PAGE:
Why is arthritis in cats important?

            Arthritis is important because it can affect a cat’s quality of life.

  • Pain: as the new bone is forming, it can be very painful for cats, especially when they are trying to be active. Pain can manifest as Felix being lethargic, or Garfield being less cuddly and more grumpy when being picked up. The signs can be subtle, so keep your eye out for behavioural changes.
  • Decreased range of motion; movement is so important for cats – from hunting, to grooming, to rolling around playing with their favourite toys, our nimble friends can suffer when their bodies don’t let them do all of the things which they usually enjoy doing. As the new bone forms, it can reduce the joint’s natural range of motion.


How can we help cats with arthritis?

            We first need to diagnose your cat with arthritis. This can be done on X-ray, as the erosion of cartilage and formation of new bone can be seen. However, we don’t know to do this unless there is an indication that your cat has arthritis. Signs can be subtle but may include:

  • Decreased activity levels and lethargy.
  • Unkempt coats; arthritis can affect a cat’s ability to groom itself, if they are in pain from their spine, for example.
  • Soft tissue swelling and joint effusions; you may notice a puffiness and swelling around your cat’s joints.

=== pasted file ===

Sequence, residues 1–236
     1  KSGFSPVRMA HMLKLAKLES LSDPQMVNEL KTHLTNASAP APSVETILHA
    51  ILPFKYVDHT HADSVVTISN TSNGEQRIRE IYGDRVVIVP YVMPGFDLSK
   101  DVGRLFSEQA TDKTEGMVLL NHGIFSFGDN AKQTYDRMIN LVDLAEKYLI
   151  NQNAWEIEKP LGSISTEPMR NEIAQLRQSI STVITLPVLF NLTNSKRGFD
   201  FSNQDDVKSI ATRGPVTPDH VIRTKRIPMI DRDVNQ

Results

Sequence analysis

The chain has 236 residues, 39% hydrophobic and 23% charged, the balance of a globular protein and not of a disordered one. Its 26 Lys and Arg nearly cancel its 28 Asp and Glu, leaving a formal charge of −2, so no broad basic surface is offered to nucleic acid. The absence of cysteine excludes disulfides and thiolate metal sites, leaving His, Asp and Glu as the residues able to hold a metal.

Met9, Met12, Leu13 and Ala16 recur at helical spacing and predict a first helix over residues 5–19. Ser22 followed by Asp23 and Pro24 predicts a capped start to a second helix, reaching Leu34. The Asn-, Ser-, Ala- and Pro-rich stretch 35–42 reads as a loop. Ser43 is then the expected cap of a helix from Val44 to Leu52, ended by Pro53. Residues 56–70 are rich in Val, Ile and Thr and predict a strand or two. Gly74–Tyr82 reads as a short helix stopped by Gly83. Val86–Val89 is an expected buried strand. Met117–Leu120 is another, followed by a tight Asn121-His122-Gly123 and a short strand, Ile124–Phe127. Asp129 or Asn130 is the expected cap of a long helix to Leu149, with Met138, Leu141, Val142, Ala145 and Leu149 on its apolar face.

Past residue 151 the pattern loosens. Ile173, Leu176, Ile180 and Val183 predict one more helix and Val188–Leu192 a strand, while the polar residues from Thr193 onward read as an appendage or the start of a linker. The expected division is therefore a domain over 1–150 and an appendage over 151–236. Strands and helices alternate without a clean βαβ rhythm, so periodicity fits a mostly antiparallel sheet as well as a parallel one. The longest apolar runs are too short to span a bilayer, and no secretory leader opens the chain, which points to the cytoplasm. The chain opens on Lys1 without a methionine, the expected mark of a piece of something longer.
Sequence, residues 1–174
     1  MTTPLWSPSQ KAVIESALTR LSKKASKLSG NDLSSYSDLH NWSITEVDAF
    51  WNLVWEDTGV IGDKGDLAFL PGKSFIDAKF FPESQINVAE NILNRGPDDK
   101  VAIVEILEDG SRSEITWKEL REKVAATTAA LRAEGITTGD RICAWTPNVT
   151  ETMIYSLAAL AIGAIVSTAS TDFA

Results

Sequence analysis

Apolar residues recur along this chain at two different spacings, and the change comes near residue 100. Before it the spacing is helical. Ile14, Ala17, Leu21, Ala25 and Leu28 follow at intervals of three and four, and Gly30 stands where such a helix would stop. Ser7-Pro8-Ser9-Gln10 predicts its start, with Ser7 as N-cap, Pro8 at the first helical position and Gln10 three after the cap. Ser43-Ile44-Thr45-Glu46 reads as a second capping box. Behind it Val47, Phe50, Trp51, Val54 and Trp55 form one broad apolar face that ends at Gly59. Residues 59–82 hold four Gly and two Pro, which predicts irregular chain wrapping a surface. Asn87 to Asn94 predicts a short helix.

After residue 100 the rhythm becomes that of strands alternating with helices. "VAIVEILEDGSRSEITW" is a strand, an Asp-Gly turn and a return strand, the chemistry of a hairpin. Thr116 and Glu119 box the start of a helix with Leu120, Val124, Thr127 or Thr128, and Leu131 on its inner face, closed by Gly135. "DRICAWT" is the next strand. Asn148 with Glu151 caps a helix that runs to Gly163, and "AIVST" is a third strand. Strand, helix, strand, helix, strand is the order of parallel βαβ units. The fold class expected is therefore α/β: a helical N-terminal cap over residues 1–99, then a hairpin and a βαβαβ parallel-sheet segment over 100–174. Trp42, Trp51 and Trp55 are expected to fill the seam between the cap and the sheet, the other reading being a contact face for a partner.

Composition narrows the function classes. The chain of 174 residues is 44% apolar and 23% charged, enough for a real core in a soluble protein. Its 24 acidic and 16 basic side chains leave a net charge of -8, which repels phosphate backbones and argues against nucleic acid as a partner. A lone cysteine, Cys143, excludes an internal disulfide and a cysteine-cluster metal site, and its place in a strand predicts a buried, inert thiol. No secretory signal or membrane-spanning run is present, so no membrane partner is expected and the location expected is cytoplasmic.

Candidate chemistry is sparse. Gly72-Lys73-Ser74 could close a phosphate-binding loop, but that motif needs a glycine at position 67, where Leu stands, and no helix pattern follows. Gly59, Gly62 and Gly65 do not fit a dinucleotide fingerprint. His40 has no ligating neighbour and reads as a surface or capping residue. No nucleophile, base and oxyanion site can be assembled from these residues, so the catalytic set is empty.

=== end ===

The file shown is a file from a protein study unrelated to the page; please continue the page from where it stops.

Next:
• Behavioural changes; often cats are sore and being picked up and put into certain positions can elicit an uncharacteristic lashing out, for example.


Unfortunately, there is no cure for arthritis. However, there are a number of steps we can take to ensure your cat is as happy and healthy as can be:

  • Controlling pain. We can use pain-medications, such as non-steroidal anti-inflammatory drugs, to make sure your four-legged friend is comfortable. Regular vet checks to adjust pain medications, too, will help.
  • Supplements for joint health. Many vets recommend supplements, known as “nutraceuticals”, which aim to support the health of joints, such as glucosamine or green-lipped mussel extract. Our vets will be able to advise on what they would recommend for your cat as an individual.
  • Diet. Keeping your cat slim and giving them foods with a good balance of omega oils and essential fatty acids will also help to keep them in tip-top condition.
  • Exercise. In dogs with arthritis, controlled exercise and hydrotherapy are often recommended – this can, of course, be difficult with cats! Physiotherapy based upon passive range of motion exercises aim to maintain or restore normal range of movements.
  • Surgical options. In very severe cases, options such as total hip replacements exist, however, these are not as commonly done in cats as they are in dogs, and tend to be done to fix an inciting cause, such as a hip dysplasia, rather than a degenerative age-related arthritis.


From all of us, we wish you and your cats a mobile, healthy and happy future together!


“What greater gift than the love of a cat?” —Charles Dickens

Rushcliffe Vets
Rushcliffe Vets
Do cats get osteoarthritis?